More Former Employees Are Claiming flow Owner Rhys Watkins Didn’t Pay Them

One employee said that she endured several unpaid 11-hour training sessions and then received no communication or payment from Watkins.

Mar 17, 2023 at 10:13 am
click to enlarge Several people who had worked at flow coffee shop in Newport say that owner Rhys Watkins did not pay them for their work or for their training. - Photo: Katie Griffith
Photo: Katie Griffith
Several people who had worked at flow coffee shop in Newport say that owner Rhys Watkins did not pay them for their work or for their training.

Additional former employees of flow coffee shop are coming forward with allegations against owner Rhys Watkins.

In February, CityBeat reported on the claims that Kay Ratliff had levied against Watkins, her former employer at flow (stylized in lowercase letters). An hourly employee, Ratliff alleged that Watkins had altered time cards, did not compensate her for overtime work and required unpaid training sessions (Watkins disputed Ratliff’s claims).

Since then, a number of other former flow employees have shared similar experiences, with some seemingly sharing a pattern of going through long periods of unpaid training without being added to the work schedule afterwards.

Watkins has not responded to CityBeat’s multiple interview requests since an initial interview on Feb. 2.

Rachel Moon’s claims

Rachel Moon served as the general manager for flow’s Newport location as well as the shop’s now-closed locations in Over-the-Rhine and Northside as well as Watkins’ Newport deli Full of Bologna. She told CityBeat that she was a salaried employee in September and October and received a weekly $558.58 net pay.

Moon told CityBeat that she resigned in October, citing wage differences among employees as well as Watkins’ lack of communication, not paying employees for training and making employees work long hours without breaks.

“I had missed a paycheck when I first started for whatever reason,” Moon told CityBeat. “He said he couldn't issue it to me and that he would have to pay me in cash, so I got at least one paycheck in cash. And then when I quit, he refused to pay me my last paycheck.”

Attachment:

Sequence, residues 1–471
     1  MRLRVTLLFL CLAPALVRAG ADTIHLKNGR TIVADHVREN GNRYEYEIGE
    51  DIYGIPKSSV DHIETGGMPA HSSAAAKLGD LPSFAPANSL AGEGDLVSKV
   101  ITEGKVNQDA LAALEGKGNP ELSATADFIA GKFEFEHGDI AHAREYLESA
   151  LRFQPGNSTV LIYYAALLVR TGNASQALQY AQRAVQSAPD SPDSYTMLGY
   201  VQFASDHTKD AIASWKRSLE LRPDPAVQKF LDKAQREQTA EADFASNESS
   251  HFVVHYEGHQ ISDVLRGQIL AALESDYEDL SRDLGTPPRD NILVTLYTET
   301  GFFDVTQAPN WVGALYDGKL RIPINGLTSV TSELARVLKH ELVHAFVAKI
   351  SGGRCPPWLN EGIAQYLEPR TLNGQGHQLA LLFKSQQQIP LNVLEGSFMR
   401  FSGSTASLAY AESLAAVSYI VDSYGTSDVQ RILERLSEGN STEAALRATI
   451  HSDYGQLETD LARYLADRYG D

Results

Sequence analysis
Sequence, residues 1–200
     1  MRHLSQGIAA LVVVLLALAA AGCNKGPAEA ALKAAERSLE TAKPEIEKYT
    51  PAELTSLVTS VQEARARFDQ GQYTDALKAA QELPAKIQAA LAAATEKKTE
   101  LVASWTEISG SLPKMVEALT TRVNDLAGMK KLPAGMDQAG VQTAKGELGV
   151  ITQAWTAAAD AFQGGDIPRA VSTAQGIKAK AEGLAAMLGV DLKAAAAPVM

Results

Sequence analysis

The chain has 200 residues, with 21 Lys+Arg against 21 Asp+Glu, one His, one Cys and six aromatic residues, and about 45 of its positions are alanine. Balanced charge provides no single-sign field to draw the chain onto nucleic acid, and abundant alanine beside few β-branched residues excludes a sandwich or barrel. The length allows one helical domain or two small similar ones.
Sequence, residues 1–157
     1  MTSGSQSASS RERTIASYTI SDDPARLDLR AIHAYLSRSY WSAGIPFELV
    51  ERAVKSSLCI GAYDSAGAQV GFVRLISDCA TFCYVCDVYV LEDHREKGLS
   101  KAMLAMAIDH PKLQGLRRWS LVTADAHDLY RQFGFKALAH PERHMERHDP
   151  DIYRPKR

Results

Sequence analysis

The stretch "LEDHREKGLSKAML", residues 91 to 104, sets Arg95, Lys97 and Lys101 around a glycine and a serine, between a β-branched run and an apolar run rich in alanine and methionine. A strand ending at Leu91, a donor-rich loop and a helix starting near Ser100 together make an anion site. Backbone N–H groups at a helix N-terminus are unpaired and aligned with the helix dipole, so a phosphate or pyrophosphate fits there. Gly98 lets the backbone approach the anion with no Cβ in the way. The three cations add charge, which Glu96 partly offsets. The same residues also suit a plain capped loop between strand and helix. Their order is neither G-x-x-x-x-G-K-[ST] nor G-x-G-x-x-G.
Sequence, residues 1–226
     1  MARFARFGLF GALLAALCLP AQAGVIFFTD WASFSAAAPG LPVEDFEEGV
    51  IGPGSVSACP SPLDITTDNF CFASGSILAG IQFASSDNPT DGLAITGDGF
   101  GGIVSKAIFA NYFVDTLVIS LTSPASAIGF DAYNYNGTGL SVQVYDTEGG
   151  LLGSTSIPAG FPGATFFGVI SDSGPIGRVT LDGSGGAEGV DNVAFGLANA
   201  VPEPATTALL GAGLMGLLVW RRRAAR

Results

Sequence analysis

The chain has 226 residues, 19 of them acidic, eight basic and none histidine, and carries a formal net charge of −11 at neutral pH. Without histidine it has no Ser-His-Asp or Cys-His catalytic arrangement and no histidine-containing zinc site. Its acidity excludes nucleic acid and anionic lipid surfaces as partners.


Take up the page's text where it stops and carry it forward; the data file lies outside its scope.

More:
Moon said that Watkins withheld her final paycheck until she filed a complaint action with the Kentucky Department of Labor. After reviewing paychecks and other documents, the department called Watkins and told him that he needed to pay her, Moon said.

“I was tracking my own hours, actually – Rhys never asked me to track my hours. But I was doing it myself because I thought it was really weird that he wasn't asking me to do it,” Moon said. “So I sent all [of] that to the Department of Labor.”

Moon said she resigned on Oct. 26 and was supposed to receive her final paycheck on Oct. 28. According to Kentucky labor laws an employer has 14 days to provide a final paycheck, regardless of their reason for leaving. But Moon said that she did not receive her check until around Nov. 18, more than 20 days after her final date of employment.

James Metz’s and Emily Hockman’s claims

James Metz was a flow employee in August and September. He told CityBeat that he worked for Watkins a total of 40-60 hours, including training. Metz also told CityBeat that he had agreed to making $10 an hour plus tips. He added that Watkins soon offered him extra responsibility, but Metz didn’t take it because Watkins hadn’t paid him for any of his work to that point.